On more than one occasion the past week there have been reminders from the local owners of national chain restaurant franchises that they’re mom and pop shops, too.
Jeeebus, this gets tiring. For background see the charts above and below, and then allow me to pound the desktop for a moment.
Taco Bell, Burger King, Culver’s, McDonald’s — whichever, whatever — are not chains, they yell, because they’re franchises, and because the franchises are locally owned they’re not chains at all, and therefore, this 1,298th location cut from the same template is no different from Aladdin or Lady Tron’s.
We’re locals just like you indies! We’re mom and pop!
By the same mangled logic, the 2009 Ford Fusion that I inherited from my mother, which I believe was manufactured in Sonora (Mexico), magically becomes a “local” New Albanian automobile because I drive and operate it locally … and because of this, I can take credit for building it by hand.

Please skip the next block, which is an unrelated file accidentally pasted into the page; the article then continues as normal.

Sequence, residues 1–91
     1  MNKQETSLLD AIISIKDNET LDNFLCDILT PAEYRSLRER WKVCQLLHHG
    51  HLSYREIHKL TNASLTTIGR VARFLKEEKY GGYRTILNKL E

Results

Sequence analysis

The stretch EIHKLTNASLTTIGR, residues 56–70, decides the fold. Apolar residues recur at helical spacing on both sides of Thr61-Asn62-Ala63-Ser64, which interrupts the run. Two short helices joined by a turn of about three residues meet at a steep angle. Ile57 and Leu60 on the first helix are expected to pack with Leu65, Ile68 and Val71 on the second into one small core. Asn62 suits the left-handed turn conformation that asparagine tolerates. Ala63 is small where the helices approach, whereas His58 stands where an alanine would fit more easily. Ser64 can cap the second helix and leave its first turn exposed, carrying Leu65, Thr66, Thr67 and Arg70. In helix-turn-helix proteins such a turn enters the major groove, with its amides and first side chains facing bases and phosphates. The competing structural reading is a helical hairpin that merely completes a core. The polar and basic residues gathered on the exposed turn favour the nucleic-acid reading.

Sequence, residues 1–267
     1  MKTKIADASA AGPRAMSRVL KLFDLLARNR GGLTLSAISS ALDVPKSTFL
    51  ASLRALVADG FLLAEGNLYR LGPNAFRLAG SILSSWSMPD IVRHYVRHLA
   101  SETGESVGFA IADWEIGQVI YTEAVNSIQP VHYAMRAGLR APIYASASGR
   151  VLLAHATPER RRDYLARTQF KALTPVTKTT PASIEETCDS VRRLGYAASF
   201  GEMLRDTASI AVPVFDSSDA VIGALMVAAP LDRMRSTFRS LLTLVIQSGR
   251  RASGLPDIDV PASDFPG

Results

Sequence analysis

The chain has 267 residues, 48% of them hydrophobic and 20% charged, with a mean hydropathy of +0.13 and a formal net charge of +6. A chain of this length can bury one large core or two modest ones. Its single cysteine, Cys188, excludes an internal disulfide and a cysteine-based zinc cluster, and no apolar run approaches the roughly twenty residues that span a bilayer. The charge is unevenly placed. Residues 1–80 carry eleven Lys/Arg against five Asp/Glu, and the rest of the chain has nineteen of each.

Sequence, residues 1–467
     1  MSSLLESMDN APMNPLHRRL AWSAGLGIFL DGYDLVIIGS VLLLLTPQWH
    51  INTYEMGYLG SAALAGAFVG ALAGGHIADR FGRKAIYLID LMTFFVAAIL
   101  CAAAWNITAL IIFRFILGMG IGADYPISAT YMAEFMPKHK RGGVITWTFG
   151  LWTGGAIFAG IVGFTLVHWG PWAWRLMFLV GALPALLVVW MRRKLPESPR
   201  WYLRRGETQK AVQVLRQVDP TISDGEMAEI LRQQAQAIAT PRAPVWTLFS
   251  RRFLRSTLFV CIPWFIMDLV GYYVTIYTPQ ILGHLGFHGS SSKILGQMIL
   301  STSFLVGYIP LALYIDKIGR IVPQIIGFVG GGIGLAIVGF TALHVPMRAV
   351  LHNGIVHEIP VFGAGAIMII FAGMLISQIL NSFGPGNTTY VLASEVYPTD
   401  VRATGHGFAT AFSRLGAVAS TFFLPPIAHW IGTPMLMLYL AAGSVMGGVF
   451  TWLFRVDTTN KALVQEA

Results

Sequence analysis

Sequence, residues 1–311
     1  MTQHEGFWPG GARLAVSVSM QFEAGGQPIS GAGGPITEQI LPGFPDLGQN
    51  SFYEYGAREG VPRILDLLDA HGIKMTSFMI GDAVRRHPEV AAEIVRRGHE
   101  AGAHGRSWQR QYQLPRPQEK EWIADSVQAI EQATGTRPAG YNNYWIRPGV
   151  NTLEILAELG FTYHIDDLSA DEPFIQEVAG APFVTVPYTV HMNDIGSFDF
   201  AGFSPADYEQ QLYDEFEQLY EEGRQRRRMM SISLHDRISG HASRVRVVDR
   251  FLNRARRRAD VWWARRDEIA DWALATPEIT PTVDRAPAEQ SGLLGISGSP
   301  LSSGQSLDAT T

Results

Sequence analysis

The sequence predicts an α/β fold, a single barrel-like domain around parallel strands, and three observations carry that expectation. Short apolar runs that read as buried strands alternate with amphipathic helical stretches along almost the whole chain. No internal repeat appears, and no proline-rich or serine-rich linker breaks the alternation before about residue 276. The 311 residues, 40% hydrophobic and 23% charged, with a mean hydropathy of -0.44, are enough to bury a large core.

Uh huh. Look, you substituted money for creativity and bought a fully developed restaurant designed and programmed by others. You cannot change the menu on whim by substituting Frito Bandito Hot Browns for Roadkill Chalupas, but you’re quite happy to reap the benefits from national saturation advertising and sponsorship campaigns of the sort almost never available to genuine indie innovators.
Yes, it’s true that you must have enough money to buy the franchise and sufficient moxie to run it, but I’m guessing that bankers are far more cooperative with proven franchise financing than start-ups from scratch, and of course the entire point of franchising is to adjust the risk factor downward compared with start-ups by applying the sheer weight of huge and bland pervasiveness.
Which the public adores, even those who ought to know better.
It’s ever harder to discuss matters like this without unleashing f-bombs. Franchisees are almost as annoying as those wealthy kids born on third base, convinced they hit a triple. It’s more like paying the umpire for a base on balls, trotting to first, and claiming to have been hit in the face by a pitch.
And, as a side note, genuine independent local small business owners know exactly what being hit in the face by a pitch feels like; it’s how we learn, daily, without a safety net extended lovingly by a multinational.
All in it together? In terms of the pandemic, yes. But as it pertains to this idiocy about franchises being local, no, not really. Think you might stop pretending?